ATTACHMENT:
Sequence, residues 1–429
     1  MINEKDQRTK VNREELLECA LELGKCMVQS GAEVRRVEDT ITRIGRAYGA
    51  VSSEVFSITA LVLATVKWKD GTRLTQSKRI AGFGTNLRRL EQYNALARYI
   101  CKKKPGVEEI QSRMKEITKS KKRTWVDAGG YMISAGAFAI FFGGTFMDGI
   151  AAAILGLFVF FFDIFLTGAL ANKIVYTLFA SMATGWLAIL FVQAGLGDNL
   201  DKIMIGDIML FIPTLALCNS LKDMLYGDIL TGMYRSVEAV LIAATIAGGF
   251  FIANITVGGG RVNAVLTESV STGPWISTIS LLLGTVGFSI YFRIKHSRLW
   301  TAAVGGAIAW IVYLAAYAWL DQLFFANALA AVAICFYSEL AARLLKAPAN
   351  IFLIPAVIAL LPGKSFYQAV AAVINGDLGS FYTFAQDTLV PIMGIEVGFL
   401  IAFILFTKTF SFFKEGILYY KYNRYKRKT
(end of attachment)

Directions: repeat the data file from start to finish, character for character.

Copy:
Sequence, residues 1–429
     1  MINEKDQRTK VNREELLECA LELGKCMVQS GAEVRRVEDT ITRIGRAYGA
    51  VSSEVFSITA LVLATVKWKD GTRLTQSKRI AGFGTNLRRL EQYNALARYI
   101  CKKKPGVEEI QSRMKEITKS KKRTWVDAGG YMISAGAFAI FFGGTFMDGI
   151  AAAILGLFVF FFDIFLTGAL ANKIVYTLFA SMATGWLAIL FVQAGLGDNL
   201  DKIMIGDIML FIPTLALCNS LKDMLYGDIL TGMYRSVEAV LIAATIAGGF
   251  FIANITVGGG RVNAVLTESV STGPWISTIS LLLGTVGFSI YFRIKHSRLW
   301  TAAVGGAIAW IVYLAAYAWL DQLFFANALA AVAICFYSEL AARLLKAPAN
   351  IFLIPAVIAL LPGKSFYQAV AAVINGDLGS FYTFAQDTLV PIMGIEVGFL
   401  IAFILFTKTF SFFKEGILYY KYNRYKRKT